Consultation to aid overburdened family courts likely to order courts to be more firm with separating couples to attend mediation.
There is no doubt that mediation is the preferred method of dealing with the issues surrounding children, property and finances following the breakdown of a relationship. This has long been recognised and championed by the overburdened family courts which are already urging couples to attempt mediation before considering court.
Sir Andrew McFarlane, president of the family division, is leading a nationwide consultation on how the system can work better for people while at the same time free up the courts. He says that the current volume of cases is ‘unprecedented and, on current resources, unsustainable’. One of his current recommendations is that courts should be more strict about ordering people to attend mediation before attending court.
There is already a system in place that people should attempt mediation before going to court, however, statistics are not particularly good. Despite expectations that a mediation requirement would direct more families away from court, the number of publicly funded mediation and information assessment meetings (MIAMs) has fallen by 66% while the number of mediation starts has fallen by 54%.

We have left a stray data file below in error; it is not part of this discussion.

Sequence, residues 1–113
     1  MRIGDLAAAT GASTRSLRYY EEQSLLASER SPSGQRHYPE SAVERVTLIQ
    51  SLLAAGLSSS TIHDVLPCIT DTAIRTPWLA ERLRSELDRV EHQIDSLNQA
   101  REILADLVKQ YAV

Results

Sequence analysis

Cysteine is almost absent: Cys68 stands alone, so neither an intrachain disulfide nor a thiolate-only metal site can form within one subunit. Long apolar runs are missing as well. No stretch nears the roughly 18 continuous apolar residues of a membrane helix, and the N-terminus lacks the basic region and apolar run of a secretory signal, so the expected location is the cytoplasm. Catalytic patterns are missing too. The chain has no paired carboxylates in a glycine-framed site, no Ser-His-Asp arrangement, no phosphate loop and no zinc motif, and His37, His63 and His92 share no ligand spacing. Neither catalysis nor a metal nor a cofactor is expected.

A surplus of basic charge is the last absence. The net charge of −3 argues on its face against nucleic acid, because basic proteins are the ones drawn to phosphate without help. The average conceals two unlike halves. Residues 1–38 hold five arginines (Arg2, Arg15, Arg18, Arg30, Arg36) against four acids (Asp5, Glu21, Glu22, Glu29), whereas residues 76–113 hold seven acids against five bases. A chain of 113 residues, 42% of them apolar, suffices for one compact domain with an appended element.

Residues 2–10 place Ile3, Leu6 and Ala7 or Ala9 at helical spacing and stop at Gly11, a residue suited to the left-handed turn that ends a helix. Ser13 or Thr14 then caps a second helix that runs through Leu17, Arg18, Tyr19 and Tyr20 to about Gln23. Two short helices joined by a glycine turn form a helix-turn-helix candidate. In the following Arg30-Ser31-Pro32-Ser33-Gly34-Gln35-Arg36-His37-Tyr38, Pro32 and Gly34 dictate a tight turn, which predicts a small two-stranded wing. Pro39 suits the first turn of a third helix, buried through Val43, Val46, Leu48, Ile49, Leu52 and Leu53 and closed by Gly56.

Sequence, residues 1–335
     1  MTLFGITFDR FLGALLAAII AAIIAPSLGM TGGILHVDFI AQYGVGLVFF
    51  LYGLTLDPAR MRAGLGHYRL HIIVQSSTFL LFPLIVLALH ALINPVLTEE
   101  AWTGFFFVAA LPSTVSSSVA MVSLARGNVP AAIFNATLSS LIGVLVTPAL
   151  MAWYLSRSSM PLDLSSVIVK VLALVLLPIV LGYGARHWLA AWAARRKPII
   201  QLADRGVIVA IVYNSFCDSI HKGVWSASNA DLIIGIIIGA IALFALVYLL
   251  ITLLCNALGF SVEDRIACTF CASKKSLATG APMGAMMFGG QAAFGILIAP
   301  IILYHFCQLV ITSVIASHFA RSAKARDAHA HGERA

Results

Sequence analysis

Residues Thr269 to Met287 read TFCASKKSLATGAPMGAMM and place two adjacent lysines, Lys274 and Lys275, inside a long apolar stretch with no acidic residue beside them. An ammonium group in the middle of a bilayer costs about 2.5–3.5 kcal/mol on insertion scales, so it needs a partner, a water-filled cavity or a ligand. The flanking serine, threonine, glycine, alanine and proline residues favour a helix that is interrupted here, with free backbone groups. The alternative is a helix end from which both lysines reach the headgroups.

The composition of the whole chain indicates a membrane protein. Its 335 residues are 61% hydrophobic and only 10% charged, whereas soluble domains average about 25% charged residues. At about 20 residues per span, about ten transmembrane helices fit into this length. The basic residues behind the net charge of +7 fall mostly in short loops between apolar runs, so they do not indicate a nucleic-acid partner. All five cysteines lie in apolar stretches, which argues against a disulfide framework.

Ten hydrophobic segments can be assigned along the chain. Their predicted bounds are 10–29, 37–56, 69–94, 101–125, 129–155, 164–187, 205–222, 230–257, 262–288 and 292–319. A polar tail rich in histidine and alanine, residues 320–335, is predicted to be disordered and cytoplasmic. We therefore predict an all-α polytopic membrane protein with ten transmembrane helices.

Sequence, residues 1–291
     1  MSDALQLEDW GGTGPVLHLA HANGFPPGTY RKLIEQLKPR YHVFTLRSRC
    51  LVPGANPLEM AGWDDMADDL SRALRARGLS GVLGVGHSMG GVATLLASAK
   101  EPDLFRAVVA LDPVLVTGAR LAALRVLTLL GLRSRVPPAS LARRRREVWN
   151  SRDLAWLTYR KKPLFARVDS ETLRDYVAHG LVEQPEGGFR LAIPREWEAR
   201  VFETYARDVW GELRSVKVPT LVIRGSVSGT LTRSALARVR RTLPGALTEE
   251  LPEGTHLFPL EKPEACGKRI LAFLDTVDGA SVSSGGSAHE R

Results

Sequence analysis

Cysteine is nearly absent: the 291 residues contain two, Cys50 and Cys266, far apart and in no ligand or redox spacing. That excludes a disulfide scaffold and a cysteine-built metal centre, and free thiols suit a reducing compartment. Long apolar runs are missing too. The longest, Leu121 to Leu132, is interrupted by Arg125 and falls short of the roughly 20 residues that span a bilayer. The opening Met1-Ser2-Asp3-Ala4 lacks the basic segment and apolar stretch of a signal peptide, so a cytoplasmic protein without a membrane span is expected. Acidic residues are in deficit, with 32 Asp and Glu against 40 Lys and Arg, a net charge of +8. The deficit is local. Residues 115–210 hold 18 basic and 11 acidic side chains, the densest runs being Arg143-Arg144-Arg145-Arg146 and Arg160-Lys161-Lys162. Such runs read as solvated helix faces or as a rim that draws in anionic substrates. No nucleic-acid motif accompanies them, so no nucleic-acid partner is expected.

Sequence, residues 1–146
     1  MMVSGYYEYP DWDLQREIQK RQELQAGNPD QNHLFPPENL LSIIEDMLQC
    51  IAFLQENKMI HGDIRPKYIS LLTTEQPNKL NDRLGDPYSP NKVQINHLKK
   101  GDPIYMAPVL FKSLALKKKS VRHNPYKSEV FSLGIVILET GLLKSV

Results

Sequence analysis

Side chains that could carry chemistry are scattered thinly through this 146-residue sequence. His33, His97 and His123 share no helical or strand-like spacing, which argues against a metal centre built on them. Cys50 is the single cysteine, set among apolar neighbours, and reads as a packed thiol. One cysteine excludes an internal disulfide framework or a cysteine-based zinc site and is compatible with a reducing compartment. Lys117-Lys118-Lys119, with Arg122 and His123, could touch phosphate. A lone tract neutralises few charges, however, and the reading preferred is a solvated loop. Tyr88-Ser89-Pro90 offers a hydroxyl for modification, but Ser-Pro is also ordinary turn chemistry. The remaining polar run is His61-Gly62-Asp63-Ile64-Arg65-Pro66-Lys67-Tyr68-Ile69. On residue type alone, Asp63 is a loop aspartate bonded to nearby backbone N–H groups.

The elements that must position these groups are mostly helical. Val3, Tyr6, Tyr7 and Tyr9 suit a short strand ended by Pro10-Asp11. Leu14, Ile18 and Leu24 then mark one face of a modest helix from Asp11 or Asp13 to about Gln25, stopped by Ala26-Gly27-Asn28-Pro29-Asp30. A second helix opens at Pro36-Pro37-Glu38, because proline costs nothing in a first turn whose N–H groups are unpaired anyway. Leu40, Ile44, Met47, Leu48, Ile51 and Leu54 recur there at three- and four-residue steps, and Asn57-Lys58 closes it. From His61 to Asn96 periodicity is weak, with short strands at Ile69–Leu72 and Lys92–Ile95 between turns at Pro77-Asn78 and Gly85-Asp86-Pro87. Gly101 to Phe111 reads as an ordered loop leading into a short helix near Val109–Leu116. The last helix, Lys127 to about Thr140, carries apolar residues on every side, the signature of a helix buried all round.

During the consultation period, Sir Andrew has met with many people affected by divorce and separation as well as professional and public groups, one being the private law group led by Mr Justice Cobb.
Mr Justice Cobb, has made 30 recommendations to Sir Andrew, one of which is that judges and court staff should be more prepared to enforce the MIAM requirement. Courts should automatically order MIAM attendance before the first hearing where this has not happened, no valid exemption has been claimed (for example domestic violence cases) and there is no safeguarding issue.
The consultation completes in September and will be published in December.
WYFMS would welcome such an approach. Even if the potentially huge financial savings are discounted, mediation has been proven to be a far less stressful and quicker path to take than court attendance and it allows individuals to come to agreements over their own issues rather than a third party (the judge) tell them what is going to happen.